South Africa 20.8.2018 07:22 am

Faulty treatment units the cause of Vaal River contamination

What appears to be raw sewage is pumped from the eMbalenhle sewage treatment plant straight into the Brak River which feeds the Vaal dam. (Photo: Tim Denny. Pilot: Ron Lawson)

What appears to be raw sewage is pumped from the eMbalenhle sewage treatment plant straight into the Brak River which feeds the Vaal dam. (Photo: Tim Denny. Pilot: Ron Lawson)

A visit to municipalities and the Sebokeng wastewater treatment plant and found that some of the treatment units were not functional, resulting in an overload in the remaining units.

A lack of maintenance of sewage infrastructure by the Sedibeng district and Emfuleni local municipalities in Gauteng is at the hub of the crumbling infrastructure, leading to contamination of the Vaal River system, according to parliament’s water and sanitation portfolio committee.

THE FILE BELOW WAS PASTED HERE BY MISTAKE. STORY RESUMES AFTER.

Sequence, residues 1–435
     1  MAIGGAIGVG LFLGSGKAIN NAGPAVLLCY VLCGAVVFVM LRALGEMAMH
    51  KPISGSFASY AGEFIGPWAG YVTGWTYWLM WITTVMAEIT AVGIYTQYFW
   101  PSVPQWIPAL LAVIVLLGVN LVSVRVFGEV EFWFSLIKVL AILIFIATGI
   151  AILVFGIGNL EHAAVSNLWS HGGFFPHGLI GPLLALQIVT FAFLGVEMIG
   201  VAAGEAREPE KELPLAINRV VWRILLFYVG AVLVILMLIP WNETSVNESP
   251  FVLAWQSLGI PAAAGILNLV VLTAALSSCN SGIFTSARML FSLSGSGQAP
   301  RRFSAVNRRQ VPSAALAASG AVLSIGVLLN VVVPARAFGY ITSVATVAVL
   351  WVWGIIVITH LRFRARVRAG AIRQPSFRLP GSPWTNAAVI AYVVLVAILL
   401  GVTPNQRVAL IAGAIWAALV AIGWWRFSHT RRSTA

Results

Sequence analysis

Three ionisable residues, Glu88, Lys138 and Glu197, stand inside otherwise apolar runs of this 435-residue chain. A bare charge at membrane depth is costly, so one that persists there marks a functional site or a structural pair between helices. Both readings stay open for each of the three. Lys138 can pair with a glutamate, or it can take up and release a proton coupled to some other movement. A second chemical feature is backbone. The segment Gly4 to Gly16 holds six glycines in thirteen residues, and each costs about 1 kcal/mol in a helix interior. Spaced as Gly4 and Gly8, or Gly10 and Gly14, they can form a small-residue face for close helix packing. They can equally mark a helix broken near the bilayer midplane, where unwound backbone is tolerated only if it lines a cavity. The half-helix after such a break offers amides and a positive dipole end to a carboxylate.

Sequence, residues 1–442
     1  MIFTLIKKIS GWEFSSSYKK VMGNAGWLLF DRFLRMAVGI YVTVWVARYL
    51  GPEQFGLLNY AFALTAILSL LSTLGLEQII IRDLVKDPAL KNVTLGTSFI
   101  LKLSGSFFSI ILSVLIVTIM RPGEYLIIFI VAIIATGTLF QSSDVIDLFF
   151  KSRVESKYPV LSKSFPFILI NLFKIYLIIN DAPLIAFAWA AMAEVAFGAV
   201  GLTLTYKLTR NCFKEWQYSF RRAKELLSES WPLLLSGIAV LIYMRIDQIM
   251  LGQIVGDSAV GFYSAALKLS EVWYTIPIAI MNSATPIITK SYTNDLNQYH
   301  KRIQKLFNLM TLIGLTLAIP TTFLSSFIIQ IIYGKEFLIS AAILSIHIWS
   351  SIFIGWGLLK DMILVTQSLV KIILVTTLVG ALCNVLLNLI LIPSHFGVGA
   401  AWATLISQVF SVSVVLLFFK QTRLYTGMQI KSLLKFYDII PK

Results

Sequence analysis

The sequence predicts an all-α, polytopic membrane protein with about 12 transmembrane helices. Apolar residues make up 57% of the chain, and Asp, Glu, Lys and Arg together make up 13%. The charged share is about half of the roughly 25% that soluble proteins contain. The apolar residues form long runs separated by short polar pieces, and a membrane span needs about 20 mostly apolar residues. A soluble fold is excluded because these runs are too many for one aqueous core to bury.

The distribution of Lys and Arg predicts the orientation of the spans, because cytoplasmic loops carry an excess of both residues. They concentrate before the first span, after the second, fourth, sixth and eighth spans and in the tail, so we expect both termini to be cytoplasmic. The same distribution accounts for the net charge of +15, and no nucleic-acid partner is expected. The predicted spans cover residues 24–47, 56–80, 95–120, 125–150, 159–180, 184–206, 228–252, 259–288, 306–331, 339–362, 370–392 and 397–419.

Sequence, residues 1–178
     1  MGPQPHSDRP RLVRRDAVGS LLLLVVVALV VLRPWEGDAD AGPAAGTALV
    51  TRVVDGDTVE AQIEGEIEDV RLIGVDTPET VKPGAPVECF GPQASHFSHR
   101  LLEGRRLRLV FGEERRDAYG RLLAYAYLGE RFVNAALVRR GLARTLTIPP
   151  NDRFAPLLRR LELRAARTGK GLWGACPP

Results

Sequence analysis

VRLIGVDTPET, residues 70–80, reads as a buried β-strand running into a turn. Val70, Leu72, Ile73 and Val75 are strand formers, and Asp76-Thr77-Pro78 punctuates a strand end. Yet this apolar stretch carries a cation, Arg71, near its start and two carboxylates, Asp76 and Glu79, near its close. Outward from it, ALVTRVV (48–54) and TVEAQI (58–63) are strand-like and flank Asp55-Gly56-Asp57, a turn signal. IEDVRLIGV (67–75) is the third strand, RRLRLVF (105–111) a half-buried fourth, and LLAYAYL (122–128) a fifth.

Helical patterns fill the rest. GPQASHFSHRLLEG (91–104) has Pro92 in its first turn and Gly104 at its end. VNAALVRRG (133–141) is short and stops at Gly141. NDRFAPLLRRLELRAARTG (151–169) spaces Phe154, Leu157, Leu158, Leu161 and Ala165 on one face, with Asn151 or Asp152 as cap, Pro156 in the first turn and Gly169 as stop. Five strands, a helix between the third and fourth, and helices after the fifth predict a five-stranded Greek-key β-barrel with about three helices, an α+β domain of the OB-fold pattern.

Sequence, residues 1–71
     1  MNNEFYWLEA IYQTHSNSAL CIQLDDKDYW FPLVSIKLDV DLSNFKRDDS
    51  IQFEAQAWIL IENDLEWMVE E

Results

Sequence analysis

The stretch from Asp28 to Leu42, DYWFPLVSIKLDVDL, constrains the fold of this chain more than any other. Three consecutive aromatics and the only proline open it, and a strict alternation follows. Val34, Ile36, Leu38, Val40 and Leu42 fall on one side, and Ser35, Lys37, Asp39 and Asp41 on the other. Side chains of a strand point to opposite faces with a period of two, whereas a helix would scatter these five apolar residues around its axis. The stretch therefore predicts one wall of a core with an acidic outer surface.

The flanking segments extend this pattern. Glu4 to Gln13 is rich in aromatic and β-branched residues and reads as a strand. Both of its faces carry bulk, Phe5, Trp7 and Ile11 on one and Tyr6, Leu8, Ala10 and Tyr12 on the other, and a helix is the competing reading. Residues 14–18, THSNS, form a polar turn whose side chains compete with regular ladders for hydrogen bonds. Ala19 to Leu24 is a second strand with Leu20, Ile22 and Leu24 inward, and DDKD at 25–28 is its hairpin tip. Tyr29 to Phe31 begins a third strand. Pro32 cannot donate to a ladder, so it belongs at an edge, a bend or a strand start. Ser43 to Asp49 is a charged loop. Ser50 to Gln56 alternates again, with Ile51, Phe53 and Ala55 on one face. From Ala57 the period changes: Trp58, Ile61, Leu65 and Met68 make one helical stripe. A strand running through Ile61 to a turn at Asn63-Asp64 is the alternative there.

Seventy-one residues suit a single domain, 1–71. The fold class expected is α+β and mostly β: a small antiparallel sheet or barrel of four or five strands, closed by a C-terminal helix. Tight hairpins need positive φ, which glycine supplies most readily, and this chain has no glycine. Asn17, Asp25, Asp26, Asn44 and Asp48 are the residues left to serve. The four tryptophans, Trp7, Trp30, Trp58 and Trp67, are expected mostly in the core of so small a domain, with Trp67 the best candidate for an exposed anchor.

The committee visited the municipalities and the Sebokeng wastewater treatment plant and found that some of the treatment units were not functional, leading to overloading of the remaining units, committee chairperson Mlungisi Johnson said in a statement yesterday.

“The committee has always emphasised the need for proper investment in maintenance of infrastructure,” Johnson said.

“It is also a requirement by the department of cooperative governance’s back to basics programme that municipalities must spend 10% of their budgets on maintenance.”

While the committee supported building new units, it emphasised that the old units should be maintained to ensure optimal use of the entire plant. A matter of concern for the committee was the delays in implementing the Sebokeng regional sewer scheme.

“Due to the spillage into the river system, the amount of money it spends on purifying the water increases astronomically,” Johnson said.

“At the centre of the committee’s preoccupation is ensuring that spillage into the Vaal River system is stopped. Furthermore, the reduction of costs of purifying chemicals will ensure that municipalities have more money to spend on service delivery.

“As such, the committee has resolved that it will get monthly reports on interventions by all spheres of government in resolving the problem,” he said. 

– African News Agency (ANA)

 

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